According to an opinion poll, more than half of Denmark’s population has little or no confidence that world leaders will strike an agreement on fighting climate change at December’s landmark United Nations summit in Copenhagen. It is just a hunch, but I reckon one impulse behind this pessimism is the widespread European suspicion that China, which recently overtook the US as the world’s biggest greenhouse gas emitter, will play an unconstructive role at the talks.
What if this suspicion is unfounded?
What should be the top five priorities of the next European Commission?
1) Top of my list is the defence, and if possible the strengthening, of the single European market. This is the European Union’s bedrock achievement. It secures prosperity for its citizens, and it underpins the EU’s collective weight in the world. Without the single market, the EU would lose not merely its cohesion but its very reason for existence. The single market is under strain at present because of the emergency measures taken over the past year to prop up Europe’s banking system. These have, in effect, suspended the EU’s state aid rules in this sector. The Commission will need to be tough in making sure that EU governments do not manipulate the rules as the emergency measures are gradually withdrawn. Meanwhile, it should continue to press the case for integrating and liberalising the EU’s service sector, which accounts for two-thirds of all EU economic activity.
For anyone interested in European energy security, and especially the long-suffering Nabucco gas pipeline project, there was a fascinating piece of news on Monday. The Obama administration appointed Richard Morningstar, a former US ambassador to the European Union, as its special envoy for Eurasian energy issues.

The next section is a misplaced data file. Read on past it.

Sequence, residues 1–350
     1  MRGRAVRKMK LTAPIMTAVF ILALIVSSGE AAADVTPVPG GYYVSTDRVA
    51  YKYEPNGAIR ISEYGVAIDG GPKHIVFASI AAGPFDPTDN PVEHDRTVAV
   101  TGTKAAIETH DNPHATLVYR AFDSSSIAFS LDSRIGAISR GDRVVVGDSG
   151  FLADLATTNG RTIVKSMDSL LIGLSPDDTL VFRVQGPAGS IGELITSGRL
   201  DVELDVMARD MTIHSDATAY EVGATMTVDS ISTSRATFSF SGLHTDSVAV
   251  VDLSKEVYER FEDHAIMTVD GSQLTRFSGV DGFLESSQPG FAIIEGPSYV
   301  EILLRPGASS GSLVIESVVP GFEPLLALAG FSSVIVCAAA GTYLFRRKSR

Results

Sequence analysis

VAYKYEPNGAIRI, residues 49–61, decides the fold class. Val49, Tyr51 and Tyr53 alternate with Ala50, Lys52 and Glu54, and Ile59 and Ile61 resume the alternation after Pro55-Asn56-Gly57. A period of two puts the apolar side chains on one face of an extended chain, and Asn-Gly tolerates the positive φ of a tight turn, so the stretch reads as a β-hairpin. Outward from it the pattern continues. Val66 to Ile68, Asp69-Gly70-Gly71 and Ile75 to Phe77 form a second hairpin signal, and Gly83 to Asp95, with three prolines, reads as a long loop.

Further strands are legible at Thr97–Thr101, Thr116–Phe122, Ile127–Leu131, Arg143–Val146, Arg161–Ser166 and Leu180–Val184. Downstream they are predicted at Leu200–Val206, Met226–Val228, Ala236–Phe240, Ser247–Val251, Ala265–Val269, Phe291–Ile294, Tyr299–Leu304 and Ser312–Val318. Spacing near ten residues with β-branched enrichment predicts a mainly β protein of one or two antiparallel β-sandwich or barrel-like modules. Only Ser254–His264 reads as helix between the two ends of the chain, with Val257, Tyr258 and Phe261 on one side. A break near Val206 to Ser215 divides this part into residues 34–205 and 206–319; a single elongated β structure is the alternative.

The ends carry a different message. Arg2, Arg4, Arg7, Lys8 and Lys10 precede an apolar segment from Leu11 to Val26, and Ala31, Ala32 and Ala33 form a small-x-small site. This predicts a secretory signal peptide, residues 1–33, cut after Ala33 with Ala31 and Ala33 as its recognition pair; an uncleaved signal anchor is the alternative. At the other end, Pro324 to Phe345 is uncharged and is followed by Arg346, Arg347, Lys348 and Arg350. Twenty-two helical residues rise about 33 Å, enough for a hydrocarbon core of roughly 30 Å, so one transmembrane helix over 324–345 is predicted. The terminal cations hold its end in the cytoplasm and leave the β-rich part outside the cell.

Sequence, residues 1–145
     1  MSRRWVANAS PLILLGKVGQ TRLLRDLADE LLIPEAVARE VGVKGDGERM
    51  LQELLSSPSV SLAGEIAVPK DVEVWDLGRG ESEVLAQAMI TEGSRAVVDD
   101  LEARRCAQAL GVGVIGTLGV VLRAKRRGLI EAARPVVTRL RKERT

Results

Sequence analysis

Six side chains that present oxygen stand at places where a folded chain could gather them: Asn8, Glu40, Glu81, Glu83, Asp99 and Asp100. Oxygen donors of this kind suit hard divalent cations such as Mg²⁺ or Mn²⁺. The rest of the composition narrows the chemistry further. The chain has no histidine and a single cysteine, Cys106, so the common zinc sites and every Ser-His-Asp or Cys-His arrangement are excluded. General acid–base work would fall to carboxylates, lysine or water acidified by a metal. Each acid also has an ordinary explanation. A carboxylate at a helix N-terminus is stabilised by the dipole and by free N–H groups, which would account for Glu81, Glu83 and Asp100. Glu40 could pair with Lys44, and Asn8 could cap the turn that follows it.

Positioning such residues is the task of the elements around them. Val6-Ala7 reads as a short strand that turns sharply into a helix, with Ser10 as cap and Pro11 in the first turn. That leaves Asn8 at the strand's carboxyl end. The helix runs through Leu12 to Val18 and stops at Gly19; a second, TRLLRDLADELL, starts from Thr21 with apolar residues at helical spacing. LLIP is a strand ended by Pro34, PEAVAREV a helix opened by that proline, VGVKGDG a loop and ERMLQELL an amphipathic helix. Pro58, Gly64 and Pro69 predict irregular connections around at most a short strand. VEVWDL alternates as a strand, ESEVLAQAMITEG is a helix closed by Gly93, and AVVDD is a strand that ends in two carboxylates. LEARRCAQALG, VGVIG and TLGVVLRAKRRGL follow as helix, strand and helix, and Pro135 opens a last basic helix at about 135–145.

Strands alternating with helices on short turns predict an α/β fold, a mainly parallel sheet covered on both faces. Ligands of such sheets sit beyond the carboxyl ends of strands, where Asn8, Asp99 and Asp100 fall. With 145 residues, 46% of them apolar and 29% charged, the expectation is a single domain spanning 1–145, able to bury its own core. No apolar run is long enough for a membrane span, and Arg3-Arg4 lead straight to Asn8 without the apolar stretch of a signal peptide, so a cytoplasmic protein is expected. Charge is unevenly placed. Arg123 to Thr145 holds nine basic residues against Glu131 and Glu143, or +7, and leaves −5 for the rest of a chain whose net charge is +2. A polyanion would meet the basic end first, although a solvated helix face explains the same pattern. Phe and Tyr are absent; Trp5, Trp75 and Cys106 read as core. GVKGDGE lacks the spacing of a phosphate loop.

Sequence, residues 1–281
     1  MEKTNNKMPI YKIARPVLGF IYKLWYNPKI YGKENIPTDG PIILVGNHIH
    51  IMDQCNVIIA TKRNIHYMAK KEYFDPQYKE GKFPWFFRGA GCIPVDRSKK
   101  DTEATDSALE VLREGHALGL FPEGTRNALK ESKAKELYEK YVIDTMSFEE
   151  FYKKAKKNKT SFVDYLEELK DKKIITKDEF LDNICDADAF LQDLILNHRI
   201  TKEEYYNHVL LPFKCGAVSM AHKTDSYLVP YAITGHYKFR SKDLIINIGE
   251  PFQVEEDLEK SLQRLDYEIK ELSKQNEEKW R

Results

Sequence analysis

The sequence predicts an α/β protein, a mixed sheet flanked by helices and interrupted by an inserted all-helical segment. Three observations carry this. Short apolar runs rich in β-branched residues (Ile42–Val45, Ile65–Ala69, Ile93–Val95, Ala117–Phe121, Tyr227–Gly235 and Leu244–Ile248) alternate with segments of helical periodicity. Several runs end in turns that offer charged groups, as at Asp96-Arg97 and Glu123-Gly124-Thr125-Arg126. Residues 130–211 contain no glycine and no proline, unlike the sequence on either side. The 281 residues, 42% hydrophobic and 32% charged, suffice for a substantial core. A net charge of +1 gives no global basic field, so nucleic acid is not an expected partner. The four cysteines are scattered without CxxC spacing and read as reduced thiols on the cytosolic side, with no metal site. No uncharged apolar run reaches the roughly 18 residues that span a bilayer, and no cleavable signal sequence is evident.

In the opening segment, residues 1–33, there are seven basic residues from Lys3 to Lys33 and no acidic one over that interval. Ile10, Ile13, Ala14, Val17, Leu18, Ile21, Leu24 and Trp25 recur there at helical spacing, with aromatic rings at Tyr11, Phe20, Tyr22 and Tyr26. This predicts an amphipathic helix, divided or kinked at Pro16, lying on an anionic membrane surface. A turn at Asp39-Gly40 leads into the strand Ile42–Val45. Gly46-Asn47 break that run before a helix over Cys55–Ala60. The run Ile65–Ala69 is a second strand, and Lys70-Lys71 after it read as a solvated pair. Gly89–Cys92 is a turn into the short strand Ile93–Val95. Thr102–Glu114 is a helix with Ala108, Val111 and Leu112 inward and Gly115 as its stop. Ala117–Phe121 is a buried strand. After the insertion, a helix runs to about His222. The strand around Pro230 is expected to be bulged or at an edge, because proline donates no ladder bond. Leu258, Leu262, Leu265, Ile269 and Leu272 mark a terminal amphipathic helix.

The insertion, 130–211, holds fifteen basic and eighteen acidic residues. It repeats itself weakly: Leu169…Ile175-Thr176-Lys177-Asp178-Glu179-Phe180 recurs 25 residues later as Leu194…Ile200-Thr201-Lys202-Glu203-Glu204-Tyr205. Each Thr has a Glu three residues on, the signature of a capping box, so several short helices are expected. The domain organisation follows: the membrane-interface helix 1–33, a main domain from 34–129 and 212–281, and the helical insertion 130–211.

Morningstar has a career background not only in EU affairs but in the energy diplomacy of the Caspian Sea area. As such, there is no one better placed to give the Europeans the benefit of US advice on Nabucco, a project some energy analysts think may be doomed to failure unless resolute action is taken soon to finance it, secure the necessary gas supplies and get it up and running.
Negotiating with Vladimir Putin, Russia’s prime minister and former president, is hard enough even when Europe’s relations with the Kremlin are going well – which they haven’t been for some while. For an insight into Putin’s brutal, hard as nails character, have a look at the official Russian government transcript of a conversation he had with some Moscow-based western reporters last week.
The discussion, which centres on the shut-off of Russian gas deliveries to the European Union via Ukraine, turns at one point to the possible deployment of EU monitors along the pipeline route through Ukrainian territory. “We hope that the issue will be resolved expeditiously. We don’t want a group of men and women to come to Kiev and just sit in a hotel and sip horilka [Ukrainian vodka],” Putin says.
Buried in last Wednesday’s €200bn European Commission economic recovery plan for Europe was a proposal that sent waves of relief through Lithuanian policymaking circles. This was the idea of allocating €5bn for trans-European energy connections.
A large chunk of this money is destined for Lithuania, the aim being to reduce the dangers that face the country after the planned closure of its Ignalina nuclear power plant on December 31, 2009. Ignalina supplies 70 per cent of Lithuania’s electricity, and when the plant is shut down Lithuania will be almost entirely dependent on Russia for its energy.